Changes in the industry confront asset managers on several fronts. Alternatives have gained in popularity, shunting aside traditional core assets. Regulators seek to broaden their scope, demanding access to more data. And technology spurs industry innovation, providing new investment vehicles and strategies, new ways to promote and distribute products, while also ushering in new security threats.

Michael Rawson, an analyst covering passive strategies on Morningstar's manager research team, shares his expectations on the outcomes these industry shifts will bring, including a lowering of fees, a move away from selling performance and greater focus on suitability for the individual investor.

You said that ETFs can be seen as a technology disruptor. How else will they disrupt the investment world for fund companies and investors?

One major advantage that ETFs have over index mutual funds is the process by which they're created and redeemed. So the redemption process - or in kind redemption process - basically means that when there's an outflow from the fund, a traditional mutual fund will have to sell securities to raise cash to fund that redemption. An ETF, when there are outflows, it happens through an in kind redemption process, where a market maker goes to the ETF provider and says, 'I'm seeing that there's not much demand for this ETF. I want to redeem the ETF. I'm going to give you back shares in the ETF. You give me the underlying stocks on that ETF.' Let's say it's the 500 stocks in the S&P 500. The ETF provider chooses to give that market maker the 500 stocks, the individual securities, with a low cost basis. Because that's an in kind process, he's trading stocks in the S&P 500 for shares of the ETF.

This means a large tax advantage.

A very large tax advantage, particularly when it comes to comparing ETFs to actively managed funds; not so much when you compare index ETFs versus index mutual funds. Index mutual funds also have some techniques, which give them a tax advantage. But by and large, ETFs tend to be more tax efficient than mutual funds. So there's a technology advantage. Another source of an advantage or a disruptive technology is the way in which ETFs versus mutual funds are distributed. Traditionally funds get distributed using wholesalers who call on a financial advisor. With ETFs, they're bought and sold on an exchange, just like a stock is. That is good for the individual investor.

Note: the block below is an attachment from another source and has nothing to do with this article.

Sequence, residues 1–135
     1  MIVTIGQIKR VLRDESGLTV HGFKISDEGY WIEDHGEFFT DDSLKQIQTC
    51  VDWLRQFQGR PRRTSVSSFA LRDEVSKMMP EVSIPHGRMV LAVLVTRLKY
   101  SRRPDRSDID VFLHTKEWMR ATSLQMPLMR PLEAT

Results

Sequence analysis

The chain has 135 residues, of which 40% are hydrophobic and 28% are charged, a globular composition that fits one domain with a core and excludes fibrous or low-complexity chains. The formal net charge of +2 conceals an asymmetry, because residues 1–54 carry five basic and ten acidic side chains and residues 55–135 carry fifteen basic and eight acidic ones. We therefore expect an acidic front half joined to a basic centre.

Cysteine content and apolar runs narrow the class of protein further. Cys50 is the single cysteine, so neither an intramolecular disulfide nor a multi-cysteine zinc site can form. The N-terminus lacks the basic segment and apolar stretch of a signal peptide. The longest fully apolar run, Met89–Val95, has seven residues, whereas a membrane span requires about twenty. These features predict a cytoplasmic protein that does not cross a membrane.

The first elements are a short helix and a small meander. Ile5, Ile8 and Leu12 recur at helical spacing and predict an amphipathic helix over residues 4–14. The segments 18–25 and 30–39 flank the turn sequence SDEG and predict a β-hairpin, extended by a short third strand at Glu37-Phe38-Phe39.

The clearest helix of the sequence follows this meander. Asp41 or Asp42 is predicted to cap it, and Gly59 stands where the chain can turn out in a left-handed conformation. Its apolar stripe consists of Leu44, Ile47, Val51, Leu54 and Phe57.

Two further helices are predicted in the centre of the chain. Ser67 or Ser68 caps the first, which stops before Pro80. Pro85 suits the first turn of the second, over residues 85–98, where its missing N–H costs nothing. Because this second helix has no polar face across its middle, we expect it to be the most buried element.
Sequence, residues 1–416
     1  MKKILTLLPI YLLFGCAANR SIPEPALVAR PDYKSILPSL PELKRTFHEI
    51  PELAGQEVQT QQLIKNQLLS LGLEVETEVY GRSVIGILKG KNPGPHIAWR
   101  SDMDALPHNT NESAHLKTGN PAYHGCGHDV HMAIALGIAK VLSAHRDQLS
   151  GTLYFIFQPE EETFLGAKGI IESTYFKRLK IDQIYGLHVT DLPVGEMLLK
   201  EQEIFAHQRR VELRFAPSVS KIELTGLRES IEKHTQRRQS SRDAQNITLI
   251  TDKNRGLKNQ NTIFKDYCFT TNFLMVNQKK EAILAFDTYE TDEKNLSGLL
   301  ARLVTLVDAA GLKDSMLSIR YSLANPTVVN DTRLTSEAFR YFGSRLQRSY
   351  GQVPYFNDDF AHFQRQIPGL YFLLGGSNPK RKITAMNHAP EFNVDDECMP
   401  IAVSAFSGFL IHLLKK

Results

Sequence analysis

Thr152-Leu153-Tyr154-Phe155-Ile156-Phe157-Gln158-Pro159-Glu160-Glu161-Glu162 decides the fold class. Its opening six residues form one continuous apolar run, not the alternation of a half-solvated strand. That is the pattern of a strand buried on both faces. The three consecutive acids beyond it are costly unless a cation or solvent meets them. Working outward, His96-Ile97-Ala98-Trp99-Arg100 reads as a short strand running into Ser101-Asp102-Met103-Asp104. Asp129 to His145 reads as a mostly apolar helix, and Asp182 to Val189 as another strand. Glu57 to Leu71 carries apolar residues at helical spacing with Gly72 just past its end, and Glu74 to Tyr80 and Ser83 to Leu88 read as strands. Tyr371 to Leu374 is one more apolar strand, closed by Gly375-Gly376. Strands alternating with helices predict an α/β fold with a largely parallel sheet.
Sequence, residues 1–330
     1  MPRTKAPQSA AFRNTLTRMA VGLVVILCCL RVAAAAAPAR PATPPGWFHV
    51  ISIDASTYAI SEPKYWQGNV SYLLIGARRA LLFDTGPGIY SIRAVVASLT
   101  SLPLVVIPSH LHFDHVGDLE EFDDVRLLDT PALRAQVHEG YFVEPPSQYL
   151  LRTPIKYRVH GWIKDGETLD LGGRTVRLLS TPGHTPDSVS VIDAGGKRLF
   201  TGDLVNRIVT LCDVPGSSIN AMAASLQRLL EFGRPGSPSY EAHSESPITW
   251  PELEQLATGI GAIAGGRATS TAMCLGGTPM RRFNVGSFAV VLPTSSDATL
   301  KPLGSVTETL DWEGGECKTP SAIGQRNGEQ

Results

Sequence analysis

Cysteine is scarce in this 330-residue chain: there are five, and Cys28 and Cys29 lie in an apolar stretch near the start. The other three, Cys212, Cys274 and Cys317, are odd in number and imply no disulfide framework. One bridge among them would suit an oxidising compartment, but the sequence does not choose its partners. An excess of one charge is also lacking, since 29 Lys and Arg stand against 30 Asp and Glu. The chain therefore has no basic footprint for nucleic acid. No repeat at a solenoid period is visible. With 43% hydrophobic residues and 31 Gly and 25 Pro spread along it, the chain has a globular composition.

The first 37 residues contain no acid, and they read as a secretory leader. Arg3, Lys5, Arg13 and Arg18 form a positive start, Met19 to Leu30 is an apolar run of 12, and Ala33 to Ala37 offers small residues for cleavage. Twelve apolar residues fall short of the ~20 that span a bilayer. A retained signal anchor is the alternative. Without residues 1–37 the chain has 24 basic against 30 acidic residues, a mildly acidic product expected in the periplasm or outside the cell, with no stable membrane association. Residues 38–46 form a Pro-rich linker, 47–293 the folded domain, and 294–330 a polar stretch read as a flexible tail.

Going forward, what other disruptions do you see over the next two to five years?

The investment world has seen the increasing acceptance of passive management such as capitulator funds like S&P 500 and total stock market funds. Going with an index fund has been an accepted form of asset management. What's gaining acceptance now are these strategic beta type of funds. There's no longer a debate between active and passive. Passive is at the table.

The SEC is developing requirements that asset managers give regulators more data about their portfolio holdings in mutual funds. What impact would this have?

When portfolio managers have to fully disclose their holdings, it changes the nature of the kinds of securities they can invest in. There is some type of bifurcation in the market between very transparent vehicles like mutual funds, and less transparent vehicles like hedge funds. The more highly you regulate mutual funds in terms of disclosing holdings, the deeper that division between mutual funds and hedge funds is going to be. If you over regulate the mutual fund industry, you're essentially going to chase some money into less regulated markets such as hedge funds.

How are providers managing alternatives from an operational perspective?

The alternative fund market is a very small part of the overall assets and mutual funds and ETFs. But that's where the growth is. We've seen that there's very little growth in traditional mutual funds; certainly active equity mutual funds, there's very little growth. But there's tremendous growth in alternatives.

How are fund providers dealing with cyber security?

It's going to become something of increasing importance, especially as people age, to rely on their fund provider for additional financial services. Vanguard recently promoted to chief investment officer someone who came from the Information Group. He was the former chief information officer and he became the chief investment officer. He didn't necessarily have the background in investments, but he had the background in information technology. It was a sign of how important Vanguard views information technology, and how big a part of it is in their business, and how intertwined it is with investments.